BDS, as a movement, officially has one central objective: to put economic and political pressure on Israel in order to get it to change its policies towards the Palestinians.

That's a cause with mainstream support in Europe, and elsewhere, as a means to end the occupation. But it's also a cause that's attracted support from activists who take a more extreme position. The incident with Matisyahu speaks to that, and to the way in which the movement is at times defined by its most hard-line members.

Much of the support for BDS comes from anger at Israel's settlement policy in the West Bank and its policies toward Gaza. "The main reason for [BDS's] continued growth ... is the failure to end the occupation that began in 1967 and achieve Palestinian national liberation and sovereignty," Matt Duss, the president of the Foundation for Middle East Peace, said in recent congressional testimony.

Yet BDS has also attracted members who want to do more than just stop Israel's occupation of the West Bank and its policies toward Gaza. While the movement takes no official position on how to end the Israel-Palestine, one of its co-founders, Omar Barghouti, has called for unifying them into a single state, which would mean dissolving Israel as a Jewish state. This has fed suspicions that at least some proponents of BDS do not see it as just a means to pressure Israel to change its policies, but a means to ending Israel itself.

Proponents of anti-Semitism, which is rising globally, have also at times gravitated toward BDS. This spring in South Africa, for example, protesters rallying in support of BDS shouted, "You Jews do not belong here in South Africa."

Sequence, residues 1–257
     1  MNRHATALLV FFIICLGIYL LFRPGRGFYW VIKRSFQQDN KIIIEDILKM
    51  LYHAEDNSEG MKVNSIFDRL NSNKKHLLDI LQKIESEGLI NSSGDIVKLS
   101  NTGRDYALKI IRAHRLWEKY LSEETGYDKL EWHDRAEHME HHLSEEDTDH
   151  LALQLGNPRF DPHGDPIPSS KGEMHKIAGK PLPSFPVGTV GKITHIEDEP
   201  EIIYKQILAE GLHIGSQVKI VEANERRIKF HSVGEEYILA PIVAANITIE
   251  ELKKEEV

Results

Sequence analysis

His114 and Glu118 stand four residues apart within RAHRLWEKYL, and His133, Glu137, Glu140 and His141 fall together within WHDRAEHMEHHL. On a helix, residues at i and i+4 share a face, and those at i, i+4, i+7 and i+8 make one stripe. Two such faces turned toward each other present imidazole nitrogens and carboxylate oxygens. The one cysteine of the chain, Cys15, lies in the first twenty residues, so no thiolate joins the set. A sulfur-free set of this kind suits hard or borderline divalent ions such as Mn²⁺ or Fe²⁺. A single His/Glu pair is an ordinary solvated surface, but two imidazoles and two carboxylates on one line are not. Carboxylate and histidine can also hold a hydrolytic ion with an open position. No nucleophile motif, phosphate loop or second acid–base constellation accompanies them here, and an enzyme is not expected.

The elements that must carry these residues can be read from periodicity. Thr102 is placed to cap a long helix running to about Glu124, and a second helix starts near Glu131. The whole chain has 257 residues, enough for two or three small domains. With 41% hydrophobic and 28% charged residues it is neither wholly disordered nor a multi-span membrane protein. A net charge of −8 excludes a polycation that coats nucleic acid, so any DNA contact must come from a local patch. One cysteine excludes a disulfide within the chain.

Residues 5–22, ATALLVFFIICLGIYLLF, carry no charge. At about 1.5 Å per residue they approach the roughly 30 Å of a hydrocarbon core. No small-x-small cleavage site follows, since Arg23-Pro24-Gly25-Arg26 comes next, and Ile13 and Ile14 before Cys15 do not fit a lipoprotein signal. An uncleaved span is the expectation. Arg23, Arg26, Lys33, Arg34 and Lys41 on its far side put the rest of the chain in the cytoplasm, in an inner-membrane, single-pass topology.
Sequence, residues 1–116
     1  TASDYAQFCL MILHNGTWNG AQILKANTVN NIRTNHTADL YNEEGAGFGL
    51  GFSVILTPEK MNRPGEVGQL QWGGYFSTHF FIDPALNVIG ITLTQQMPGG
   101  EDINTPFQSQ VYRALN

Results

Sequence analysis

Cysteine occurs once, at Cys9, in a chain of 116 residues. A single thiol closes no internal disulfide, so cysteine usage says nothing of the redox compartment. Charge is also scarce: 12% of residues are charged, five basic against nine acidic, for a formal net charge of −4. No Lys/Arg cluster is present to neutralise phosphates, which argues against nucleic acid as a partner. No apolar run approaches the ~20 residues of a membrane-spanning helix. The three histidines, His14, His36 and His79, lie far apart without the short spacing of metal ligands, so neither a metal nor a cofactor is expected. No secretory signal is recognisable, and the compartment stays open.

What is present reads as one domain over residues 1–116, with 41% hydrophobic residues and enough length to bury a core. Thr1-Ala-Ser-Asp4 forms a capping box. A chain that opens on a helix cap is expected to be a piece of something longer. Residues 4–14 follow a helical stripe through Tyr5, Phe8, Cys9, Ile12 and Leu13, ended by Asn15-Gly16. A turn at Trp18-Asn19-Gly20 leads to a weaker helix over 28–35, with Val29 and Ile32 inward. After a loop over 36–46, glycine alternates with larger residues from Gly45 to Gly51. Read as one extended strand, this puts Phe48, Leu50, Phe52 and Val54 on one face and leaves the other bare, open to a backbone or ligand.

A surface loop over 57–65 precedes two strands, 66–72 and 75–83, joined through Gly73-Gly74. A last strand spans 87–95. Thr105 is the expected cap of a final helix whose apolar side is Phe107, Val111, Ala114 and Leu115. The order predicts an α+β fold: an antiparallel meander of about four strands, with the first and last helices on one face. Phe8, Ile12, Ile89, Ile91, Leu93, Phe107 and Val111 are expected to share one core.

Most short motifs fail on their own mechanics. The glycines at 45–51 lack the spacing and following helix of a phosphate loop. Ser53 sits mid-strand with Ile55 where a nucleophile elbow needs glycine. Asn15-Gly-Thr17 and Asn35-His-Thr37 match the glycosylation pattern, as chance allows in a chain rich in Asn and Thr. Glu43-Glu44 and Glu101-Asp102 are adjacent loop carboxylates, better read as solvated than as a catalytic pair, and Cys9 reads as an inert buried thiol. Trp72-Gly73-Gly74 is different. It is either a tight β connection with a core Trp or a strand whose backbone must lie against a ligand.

That said, it would of course be wrong and unfair to judge an entire movement by the policy positions of a few of its members, or to judge all of BDS based on the statements of a few proponents in a protest. And indeed, many BDS proponents stress their support for a two-state solution that preserves Israeli statehood and protects Israeli interests. That includes the European Union, which is considering a measure to label any imports produced in Israeli settlements — a sort of soft boycott of those settlements.

But the Matisyahu incident shows that BDS really can sometimes look like the movement its more hard-line members want it to be. And the movement really has failed to deal with this. As the left-wing writer Moriel Rothman-Zecher points out, it's not clear BDS knows how to deal with this problem:

The majority of the BDS campaigns I have followed are non-violent and justice-seeking...[but] it seems that many pro-BDS activists are unwilling to even question a BDS campaign (like the Matisyahu one) or entertain the thought that there could be some traces of bigotry involved unless the organizers of the campaign go full out and say "Btw we hate all Jews." It is as if all one needs to do is swap out the word "Zionist" for "Jew," and they’re good to go.

Who is welcome in BDS?

The issue goes beyond a few cranks. Part of BDS's objective is to stigmatize: to make opposing their vision for Palestinian liberation unacceptable in polite circles, just as the campaign against South African apartheid made it socially unacceptable to support that government.

But they at times extend that stigmatization to any association with Israel, whether it is related to the occupation or not; an implication of this logic is that the Israeli state itself should be considered fundamentally illegitimate.

"The Palestinian boycott call targets cultural institutions, projects and events that continue to serve the purposes of the Israeli colonial and apartheid regime," as BDS puts it on its website.